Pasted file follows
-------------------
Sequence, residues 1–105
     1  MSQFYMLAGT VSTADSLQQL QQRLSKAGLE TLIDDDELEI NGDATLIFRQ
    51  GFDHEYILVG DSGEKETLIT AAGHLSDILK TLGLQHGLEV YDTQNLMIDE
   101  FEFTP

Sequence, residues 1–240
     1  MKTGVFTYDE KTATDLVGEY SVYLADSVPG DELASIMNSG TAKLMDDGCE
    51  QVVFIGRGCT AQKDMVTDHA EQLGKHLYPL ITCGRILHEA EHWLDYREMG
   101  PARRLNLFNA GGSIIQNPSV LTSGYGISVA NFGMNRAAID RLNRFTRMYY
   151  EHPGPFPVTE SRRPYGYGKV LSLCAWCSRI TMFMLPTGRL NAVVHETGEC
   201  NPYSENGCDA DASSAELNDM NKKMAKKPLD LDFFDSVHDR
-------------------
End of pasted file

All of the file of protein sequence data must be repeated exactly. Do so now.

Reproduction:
Sequence, residues 1–105
     1  MSQFYMLAGT VSTADSLQQL QQRLSKAGLE TLIDDDELEI NGDATLIFRQ
    51  GFDHEYILVG DSGEKETLIT AAGHLSDILK TLGLQHGLEV YDTQNLMIDE
   101  FEFTP

Sequence, residues 1–240
     1  MKTGVFTYDE KTATDLVGEY SVYLADSVPG DELASIMNSG TAKLMDDGCE
    51  QVVFIGRGCT AQKDMVTDHA EQLGKHLYPL ITCGRILHEA EHWLDYREMG
   101  PARRLNLFNA GGSIIQNPSV LTSGYGISVA NFGMNRAAID RLNRFTRMYY
   151  EHPGPFPVTE SRRPYGYGKV LSLCAWCSRI TMFMLPTGRL NAVVHETGEC
   201  NPYSENGCDA DASSAELNDM NKKMAKKPLD LDFFDSVHDR